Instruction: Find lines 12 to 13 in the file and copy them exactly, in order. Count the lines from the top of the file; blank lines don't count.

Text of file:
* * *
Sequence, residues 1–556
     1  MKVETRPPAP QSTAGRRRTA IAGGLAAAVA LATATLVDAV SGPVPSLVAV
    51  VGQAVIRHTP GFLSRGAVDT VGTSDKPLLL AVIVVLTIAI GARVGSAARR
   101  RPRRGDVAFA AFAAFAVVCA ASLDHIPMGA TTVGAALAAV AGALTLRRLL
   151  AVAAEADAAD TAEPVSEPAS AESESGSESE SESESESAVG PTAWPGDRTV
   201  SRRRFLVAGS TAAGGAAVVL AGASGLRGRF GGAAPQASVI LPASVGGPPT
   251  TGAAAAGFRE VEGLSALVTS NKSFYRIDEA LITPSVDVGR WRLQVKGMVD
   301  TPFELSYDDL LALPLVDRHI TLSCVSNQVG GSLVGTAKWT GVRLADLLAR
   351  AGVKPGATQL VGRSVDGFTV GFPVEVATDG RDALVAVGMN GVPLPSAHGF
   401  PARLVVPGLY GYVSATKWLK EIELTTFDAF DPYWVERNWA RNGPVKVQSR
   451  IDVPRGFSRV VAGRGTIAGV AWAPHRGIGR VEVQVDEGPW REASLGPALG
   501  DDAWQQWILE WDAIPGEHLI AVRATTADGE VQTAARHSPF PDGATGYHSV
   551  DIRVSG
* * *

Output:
   501  DDAWQQWILE WDAIPGEHLI AVRATTADGE VQTAARHSPF PDGATGYHSV
   551  DIRVSG